strung out
                  my life as an amateur violist

   a different kind of school  |  # g

  Humility was never in short supply in my years in the Prep orchestra. I’m sitting somewhere in the last third of the second violin section after my spectacular debut as principal second. I’m a sophomore in high school and not having a hard time picking out the fourth and fifth graders in the orchestra, many of whom play better than me.  

Theory class was yet another opportunity to discover how little I knew. What is the interval between these notes? What are the notes in a C# minor scale? Can you dictate back that musical phrase? No, I’m not sure, and I’ll give it a try, but don’t place any bets. I’m pretty sure I was placed in the second to lowest level theory class, instead of the lowest, to spare my somewhat frayed sense of self-esteem.  

Sectionals are a special rehearsal where you work on the music with just the players in your section. Mostly it’s a low key review of trouble spots in the part. However, when a performance draws near and those trouble spots don’t clear up, it’s stand by stand (that’s just you and your standpartner) to ferret out the weak links in the chain. No, there’s no punishment for those who don’t do so hot in the spotlight (other than the embarrassment of the rest of the section hearing how bad you suck), but it is usually motivates one to revisit the music in closer detail at home.  


Now, this is not a situation one endures without some measure of reward. My less visible role in the orchestra afforded me the breathing room I needed to learn about following the conductor’s baton, watching the bowing and body language of the section leader, and listening closely to other sections to calibrate dynamics. (Dynamics in music roughly translates to volume.) Even your relationship with your standpartner is freighted with ritual tasks such as who marks the part (notes or reminders in the piece - always made with pencil) and who takes what notes in a chord and who could thrash the other in a musical duel.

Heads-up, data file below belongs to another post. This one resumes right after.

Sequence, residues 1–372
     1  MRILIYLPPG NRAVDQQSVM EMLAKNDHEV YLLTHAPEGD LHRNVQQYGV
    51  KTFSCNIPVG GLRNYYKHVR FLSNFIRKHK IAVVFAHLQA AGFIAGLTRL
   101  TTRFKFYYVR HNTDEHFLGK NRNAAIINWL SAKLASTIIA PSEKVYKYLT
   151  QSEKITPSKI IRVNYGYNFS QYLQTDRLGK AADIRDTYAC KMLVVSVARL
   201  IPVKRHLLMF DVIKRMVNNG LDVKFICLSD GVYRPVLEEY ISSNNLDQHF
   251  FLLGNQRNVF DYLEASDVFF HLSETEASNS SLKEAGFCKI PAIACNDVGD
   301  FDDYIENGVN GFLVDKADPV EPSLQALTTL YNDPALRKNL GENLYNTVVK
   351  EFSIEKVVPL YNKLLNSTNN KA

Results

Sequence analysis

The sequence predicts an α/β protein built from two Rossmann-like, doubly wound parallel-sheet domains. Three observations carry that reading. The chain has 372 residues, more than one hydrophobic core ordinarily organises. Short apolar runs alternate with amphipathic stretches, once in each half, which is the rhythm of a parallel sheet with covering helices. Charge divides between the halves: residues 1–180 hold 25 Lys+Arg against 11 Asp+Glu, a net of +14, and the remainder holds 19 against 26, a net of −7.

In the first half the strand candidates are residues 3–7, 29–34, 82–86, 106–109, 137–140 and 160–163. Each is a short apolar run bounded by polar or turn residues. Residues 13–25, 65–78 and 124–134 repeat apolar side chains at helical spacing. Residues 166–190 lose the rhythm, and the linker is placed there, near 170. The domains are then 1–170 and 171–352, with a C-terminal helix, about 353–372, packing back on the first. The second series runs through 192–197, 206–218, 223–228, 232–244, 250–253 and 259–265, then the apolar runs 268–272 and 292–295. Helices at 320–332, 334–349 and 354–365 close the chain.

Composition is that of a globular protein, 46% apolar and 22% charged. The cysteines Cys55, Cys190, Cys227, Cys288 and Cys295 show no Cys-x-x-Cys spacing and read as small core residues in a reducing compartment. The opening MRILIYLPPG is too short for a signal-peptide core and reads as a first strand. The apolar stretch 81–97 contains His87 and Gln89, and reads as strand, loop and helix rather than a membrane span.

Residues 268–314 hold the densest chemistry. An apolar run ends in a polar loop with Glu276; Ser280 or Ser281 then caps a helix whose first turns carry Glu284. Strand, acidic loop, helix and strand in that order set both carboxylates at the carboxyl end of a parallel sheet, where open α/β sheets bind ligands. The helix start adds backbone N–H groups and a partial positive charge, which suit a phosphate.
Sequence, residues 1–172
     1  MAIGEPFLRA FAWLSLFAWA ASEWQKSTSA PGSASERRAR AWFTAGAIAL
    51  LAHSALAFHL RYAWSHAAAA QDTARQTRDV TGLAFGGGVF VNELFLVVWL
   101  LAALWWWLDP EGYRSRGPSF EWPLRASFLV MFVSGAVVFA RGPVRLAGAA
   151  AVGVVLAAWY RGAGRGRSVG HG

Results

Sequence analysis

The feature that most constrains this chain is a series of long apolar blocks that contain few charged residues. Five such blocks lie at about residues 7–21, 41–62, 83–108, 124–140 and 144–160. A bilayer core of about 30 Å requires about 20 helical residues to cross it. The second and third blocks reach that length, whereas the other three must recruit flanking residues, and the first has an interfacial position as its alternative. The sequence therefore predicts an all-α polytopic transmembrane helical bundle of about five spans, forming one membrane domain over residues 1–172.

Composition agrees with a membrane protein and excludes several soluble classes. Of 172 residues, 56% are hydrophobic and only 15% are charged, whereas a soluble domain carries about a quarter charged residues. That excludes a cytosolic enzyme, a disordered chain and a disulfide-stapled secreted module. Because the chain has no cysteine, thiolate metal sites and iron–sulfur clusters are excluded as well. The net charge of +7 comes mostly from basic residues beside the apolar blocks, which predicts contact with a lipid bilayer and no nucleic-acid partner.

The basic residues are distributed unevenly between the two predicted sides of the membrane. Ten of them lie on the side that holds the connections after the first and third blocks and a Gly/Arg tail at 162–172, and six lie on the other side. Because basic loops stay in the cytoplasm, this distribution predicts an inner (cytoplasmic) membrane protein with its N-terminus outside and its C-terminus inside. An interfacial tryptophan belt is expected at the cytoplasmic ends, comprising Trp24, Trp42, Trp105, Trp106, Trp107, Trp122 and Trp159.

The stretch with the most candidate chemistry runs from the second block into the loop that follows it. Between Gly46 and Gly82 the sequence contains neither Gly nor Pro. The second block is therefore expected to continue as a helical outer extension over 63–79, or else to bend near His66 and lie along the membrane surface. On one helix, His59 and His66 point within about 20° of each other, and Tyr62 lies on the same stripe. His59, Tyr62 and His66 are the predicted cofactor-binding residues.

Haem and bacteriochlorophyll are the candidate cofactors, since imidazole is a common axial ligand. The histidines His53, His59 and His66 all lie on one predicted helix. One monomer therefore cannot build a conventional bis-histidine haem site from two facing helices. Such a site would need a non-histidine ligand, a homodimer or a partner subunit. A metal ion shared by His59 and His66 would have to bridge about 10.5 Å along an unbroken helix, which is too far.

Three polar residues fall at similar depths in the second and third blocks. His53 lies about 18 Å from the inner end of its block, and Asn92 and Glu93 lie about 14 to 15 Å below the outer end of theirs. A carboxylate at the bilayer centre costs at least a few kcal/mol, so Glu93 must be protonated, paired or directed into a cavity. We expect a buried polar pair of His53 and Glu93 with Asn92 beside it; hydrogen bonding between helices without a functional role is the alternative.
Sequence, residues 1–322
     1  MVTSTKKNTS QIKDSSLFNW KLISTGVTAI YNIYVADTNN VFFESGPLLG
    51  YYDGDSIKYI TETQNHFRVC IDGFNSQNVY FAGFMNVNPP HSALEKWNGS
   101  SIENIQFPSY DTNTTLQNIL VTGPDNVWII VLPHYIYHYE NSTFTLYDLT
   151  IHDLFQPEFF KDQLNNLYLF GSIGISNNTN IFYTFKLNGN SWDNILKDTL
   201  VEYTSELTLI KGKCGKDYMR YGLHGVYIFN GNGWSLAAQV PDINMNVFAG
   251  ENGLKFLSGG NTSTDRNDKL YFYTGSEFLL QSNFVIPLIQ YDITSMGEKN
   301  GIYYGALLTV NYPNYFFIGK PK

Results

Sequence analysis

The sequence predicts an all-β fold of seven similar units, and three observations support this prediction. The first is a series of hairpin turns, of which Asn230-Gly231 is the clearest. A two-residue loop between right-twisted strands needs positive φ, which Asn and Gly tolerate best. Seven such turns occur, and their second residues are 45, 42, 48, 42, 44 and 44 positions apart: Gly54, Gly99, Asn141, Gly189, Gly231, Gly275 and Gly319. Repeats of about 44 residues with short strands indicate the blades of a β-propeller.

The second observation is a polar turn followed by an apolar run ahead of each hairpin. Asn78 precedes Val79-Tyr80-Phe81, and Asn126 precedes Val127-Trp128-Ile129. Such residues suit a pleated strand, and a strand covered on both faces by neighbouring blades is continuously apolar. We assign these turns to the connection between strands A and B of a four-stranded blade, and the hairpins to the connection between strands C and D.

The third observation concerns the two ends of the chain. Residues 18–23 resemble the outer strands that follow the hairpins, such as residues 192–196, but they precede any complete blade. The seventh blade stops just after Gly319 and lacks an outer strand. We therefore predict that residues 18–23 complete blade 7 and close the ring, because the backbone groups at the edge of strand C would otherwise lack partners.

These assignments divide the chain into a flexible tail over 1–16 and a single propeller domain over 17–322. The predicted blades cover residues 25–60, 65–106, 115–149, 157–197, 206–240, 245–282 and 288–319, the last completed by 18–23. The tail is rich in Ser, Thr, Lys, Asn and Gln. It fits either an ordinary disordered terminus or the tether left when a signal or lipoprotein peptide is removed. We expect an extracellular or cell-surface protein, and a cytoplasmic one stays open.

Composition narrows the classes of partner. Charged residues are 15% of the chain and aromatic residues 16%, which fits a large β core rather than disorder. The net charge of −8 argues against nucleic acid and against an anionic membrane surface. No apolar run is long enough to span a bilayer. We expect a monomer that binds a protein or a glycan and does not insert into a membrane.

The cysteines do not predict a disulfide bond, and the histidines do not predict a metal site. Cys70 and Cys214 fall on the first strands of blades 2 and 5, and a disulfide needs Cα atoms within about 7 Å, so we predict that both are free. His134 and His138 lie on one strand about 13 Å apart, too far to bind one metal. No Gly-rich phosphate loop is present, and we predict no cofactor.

These are the elements of the orchestral musician’s craft.  

Now, you ask yourself “Naze, how could you have possibly fooled some pretty knowledgeable people into thinking you were good if in fact you were completely talentless?" (No? Then let me ask it myself.)  

O.k. I had a few things going for me. One, I was stubborn. I really wanted to play. I would take the occasional risk and suffer the occasional humiliation to keep moving forward. (Oh, yes. More humiliation to come!)  

Two, I was absolutely committed. (Life at the mental hospital isn’t all that it’s cracked up to be.) I hit my marks, I respected the code of the orchestra, and was damned grateful to be there. I dug into the part.  

[Warning to Purists: Avert your eyes. Go directly to the next paragraph. Do not collect $200 but preserve your innocence.]  

Three, I learned the judicious use of fakery, an invaluable orchestra skill. Sometimes you can’t get every single note. You play something close, make sure your fingers are moving in the approximate neighborhood of where they should be and you back way off in the volume department. Everyone who has played in an orchestra has, at one time or another, relied on his standpartner or section to carry him for a few bars. This is tacitly accepted so long as it doesn’t become chronic.  

I could also actually make a half decent sound if the notes on the page weren’t too fast or too high. >>


 days of naze   days:strung out